Junior Infants are learning all about Spring in Science and Geography this month. We are so blessed to be able to look out our classroom window and see the budding signs of Spring. There are daffodils, snowdrops, crocuses and lots more starting to appear. We decided that instead of looking out the window, we put on our coats and set off on a Spring walk.
We explored the natural environment around St. Clare’s and got to see all of the Spring flowers. Some of the flowers were in the early stages of growth and some had already blossomed. Looking at all the new flowers and all the colours brought us such joy. We even got an extra surprise when Kevin brought us to see some tadpoles. There were tadpoles hiding in the pond in one of our smaller garden areas in St. Clare’s. It was so much fun taking our learning experience outside and watching nature first hand.
We constructed a Geodesic Dome in class. First, we made 3D structures using toothpicks and Plasticine to see which structure would be the strongest to use. We found that triangular structures worked best. We made lots of triangles using rolled newspaper and taped them together. We had to make sure that each one was the same length. We attached an oxygen supply to our Dome. We found out lots of fun facts about life on the moon!
Equipment- 3 balloons, 3 straws, plastic bottle, scissors, glue and sellotape. (Rubber Glove)
- Cut plastic bottle in half using scissors.
- Cut straws and glue together.
- Secure balloon to end of each straw with tape.
- Make hole in lid and put straw through and secure.
- Cut other balloon in half and tape to the bottom of bottle.
Result- When we pulled the balloon at the bottom of the bottle it did not work. We replaced it with a rubber glove. When we pulled the glove down the balloons expanded.
Conclusion- When we breathe (inhale) the diaphragm pulls down making the chest expand. This causes air to be sucked into the lungs. When the diaphragm relaxes the air is pushed out of the lungs (exhale).
This year in 6th class for the RDS Science Blast we decided to investigate pulley systems. First we made a single fixed pulley system but discovered that it made no difference to the weight. Then we made a multiple fixed pulley system. We calculated that there was a mechanical advantage of 1.8 with this method. Next we made a multiple pulley system using a movable pulley and a fixed pulley. This had the biggest mechanical advantage 3. Finally we wanted make a structure used in everyday life so we decided on a crane. We made the crane out of modelling wood and used 3 fixed pulleys and 1 moveable pulley. We also made a handle out of an old pencil which attaches to the pulleys and makes the crane work when you wind it. We really enjoyed doing this project.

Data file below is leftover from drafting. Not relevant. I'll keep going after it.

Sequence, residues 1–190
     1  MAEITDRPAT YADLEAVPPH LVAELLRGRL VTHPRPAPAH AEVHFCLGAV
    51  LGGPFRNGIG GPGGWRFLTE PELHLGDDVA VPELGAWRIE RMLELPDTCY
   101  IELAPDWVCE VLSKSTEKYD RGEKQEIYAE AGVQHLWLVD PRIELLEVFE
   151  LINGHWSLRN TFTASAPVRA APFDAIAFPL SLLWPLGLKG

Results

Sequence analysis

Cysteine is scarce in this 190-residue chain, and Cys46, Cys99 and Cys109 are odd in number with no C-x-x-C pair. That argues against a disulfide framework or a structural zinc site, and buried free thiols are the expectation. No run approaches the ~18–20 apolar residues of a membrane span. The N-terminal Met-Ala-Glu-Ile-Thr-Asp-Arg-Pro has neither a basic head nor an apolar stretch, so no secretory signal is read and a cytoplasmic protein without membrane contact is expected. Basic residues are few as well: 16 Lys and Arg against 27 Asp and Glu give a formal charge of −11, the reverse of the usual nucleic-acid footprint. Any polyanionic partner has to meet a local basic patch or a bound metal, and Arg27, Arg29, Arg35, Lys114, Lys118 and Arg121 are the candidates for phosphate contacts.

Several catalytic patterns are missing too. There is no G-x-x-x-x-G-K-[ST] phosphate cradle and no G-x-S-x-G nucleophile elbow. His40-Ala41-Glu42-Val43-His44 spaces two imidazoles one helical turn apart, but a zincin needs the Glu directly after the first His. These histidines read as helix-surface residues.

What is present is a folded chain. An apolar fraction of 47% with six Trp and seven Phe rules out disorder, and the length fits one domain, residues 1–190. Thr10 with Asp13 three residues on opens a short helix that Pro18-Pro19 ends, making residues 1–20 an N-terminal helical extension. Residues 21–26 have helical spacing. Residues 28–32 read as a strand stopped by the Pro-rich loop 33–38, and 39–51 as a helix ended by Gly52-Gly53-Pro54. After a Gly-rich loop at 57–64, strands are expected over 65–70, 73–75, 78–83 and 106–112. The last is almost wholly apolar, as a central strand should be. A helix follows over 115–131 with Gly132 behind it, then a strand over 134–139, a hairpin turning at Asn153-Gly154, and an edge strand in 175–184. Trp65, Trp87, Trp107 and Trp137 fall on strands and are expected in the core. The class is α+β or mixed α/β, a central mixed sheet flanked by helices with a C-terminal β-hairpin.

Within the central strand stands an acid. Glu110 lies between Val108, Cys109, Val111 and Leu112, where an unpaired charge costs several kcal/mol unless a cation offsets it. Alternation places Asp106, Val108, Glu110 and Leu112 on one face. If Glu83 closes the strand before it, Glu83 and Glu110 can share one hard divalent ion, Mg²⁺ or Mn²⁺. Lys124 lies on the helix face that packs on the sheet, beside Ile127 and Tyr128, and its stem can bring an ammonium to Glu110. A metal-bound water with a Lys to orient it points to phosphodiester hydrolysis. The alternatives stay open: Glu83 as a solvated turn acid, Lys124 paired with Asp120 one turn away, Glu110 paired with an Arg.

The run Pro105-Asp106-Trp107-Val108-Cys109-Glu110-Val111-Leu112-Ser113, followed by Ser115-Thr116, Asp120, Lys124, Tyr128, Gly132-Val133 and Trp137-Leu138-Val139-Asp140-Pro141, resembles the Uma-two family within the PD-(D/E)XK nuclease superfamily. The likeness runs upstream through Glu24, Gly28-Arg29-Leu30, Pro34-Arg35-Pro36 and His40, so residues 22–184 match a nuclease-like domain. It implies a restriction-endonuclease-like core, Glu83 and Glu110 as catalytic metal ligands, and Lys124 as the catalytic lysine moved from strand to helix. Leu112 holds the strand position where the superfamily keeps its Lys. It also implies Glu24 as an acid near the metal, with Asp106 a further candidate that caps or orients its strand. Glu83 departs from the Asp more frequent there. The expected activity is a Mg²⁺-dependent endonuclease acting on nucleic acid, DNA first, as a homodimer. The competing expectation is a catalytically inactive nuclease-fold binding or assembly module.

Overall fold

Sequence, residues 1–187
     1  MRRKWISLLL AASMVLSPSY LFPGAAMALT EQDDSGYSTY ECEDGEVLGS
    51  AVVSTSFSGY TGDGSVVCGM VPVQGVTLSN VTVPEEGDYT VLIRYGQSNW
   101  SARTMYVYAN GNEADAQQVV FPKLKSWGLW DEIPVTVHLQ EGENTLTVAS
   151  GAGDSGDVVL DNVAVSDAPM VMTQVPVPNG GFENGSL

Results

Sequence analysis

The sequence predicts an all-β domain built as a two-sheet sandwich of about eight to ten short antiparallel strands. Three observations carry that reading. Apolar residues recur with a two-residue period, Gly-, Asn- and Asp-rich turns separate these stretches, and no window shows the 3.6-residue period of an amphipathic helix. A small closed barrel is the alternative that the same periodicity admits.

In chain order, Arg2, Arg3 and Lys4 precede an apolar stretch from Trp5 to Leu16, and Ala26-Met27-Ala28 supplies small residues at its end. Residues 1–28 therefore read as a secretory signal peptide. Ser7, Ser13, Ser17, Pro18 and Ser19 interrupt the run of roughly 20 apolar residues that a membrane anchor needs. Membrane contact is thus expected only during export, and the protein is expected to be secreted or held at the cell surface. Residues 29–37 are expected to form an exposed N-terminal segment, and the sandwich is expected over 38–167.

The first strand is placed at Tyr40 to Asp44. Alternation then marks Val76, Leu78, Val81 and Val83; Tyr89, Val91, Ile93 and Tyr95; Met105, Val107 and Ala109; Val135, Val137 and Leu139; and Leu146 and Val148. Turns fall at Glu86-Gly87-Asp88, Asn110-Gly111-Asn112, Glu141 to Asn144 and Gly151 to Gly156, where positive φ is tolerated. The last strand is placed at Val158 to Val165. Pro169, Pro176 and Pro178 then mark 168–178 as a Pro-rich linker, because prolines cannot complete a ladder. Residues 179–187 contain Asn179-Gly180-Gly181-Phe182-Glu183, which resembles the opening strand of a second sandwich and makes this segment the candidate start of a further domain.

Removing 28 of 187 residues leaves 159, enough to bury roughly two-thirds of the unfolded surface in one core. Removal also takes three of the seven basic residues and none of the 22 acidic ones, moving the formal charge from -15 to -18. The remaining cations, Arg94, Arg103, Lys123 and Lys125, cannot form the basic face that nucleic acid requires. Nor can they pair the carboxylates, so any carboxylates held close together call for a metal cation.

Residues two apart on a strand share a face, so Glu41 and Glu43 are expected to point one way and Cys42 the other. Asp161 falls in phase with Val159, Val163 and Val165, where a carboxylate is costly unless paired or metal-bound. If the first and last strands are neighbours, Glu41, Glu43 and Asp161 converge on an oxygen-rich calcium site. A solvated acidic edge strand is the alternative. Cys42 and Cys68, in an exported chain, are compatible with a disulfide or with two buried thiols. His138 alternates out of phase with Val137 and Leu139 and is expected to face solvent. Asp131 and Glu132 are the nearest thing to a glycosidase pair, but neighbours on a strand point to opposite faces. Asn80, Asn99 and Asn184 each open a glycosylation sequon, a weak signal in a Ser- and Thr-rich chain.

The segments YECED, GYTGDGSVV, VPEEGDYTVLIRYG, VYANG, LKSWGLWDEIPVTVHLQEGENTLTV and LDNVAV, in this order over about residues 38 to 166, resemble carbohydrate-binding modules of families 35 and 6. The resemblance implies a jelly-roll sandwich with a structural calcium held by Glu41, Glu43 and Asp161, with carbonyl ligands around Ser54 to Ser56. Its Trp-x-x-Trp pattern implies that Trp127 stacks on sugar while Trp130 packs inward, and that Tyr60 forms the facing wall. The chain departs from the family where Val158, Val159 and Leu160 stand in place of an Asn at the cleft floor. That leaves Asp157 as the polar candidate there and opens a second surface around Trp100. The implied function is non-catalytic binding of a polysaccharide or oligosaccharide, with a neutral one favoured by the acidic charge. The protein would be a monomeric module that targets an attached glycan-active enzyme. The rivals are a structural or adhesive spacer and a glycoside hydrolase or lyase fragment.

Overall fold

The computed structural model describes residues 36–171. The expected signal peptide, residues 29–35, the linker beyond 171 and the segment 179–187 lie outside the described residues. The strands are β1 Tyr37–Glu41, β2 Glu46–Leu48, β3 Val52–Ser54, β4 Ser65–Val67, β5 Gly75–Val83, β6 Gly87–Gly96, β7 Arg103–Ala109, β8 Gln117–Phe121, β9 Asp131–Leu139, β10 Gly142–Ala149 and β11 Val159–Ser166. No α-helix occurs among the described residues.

This year our class entered the Intel Mini Scientist Competition and our group was lucky enough to be selected to go to the Regional Finals. Our group’s topic was hydraulics, more specifically hydraulic bridges. We chose this topic because last year two people from our
group went to the previous regional final and three other groups did hydraulic arms and we had an interest in the science behind hydraulics. We decided to investigate hydraulic bridges.
At first we found it very difficult to construct the bridge and came across quite a few problems but after a while we figured it out. In November three judges from Intel came in and judged all the classes’ projects. Our group was lucky enough to be selected to go to the Regional Final! In preparation for the Regional Final we decided to make another bridge out of balsa wood. In December our group went to Blanchardstown IT and after a long day of presenting we made it to the National Finals in Maynooth. We were delighted when we found out we were in the top 1% in Ireland. Then the awards were announced but unfortunately we didn’t we win anything but were still extremely proud of ourselves.
In Ms. Ryan’s 1st Class we investigated different materials to see which ones were waterproof. We used Buster the puppet to help us. We predicted if the following materials were waterproof; rubber, cotton, nylon, plastic and tin-foil. We recorded our predictions.
We tested the materials by wrapping a piece of each one around Buster’s arm. Buster’s arm was dipped into the water for thirty seconds each time. We then checked to see if his arm was wet or dry. If his arm was dry it showed us that the material was waterproof. Sadly, poor Buster got wet when we tested the cotton, nylon and tin-foil as these are not waterproof. We would not recommend using these materials when making a raincoat.
Sound is an energy, caused by vibrations that makes sound waves.
We completed a dancing rice experiment to see sound vibrations. We made ‘String telephones’ to hear sound waves.
We investigated which material would be the best sound insulator. We measured how far away from the sound we needed to walk before the sound disappeared when blocked by each material. We predicted that the cardboard box would be the best sound insulator and we were right!
Some materials allow sound to pass through them easily. Other materials absorb sound.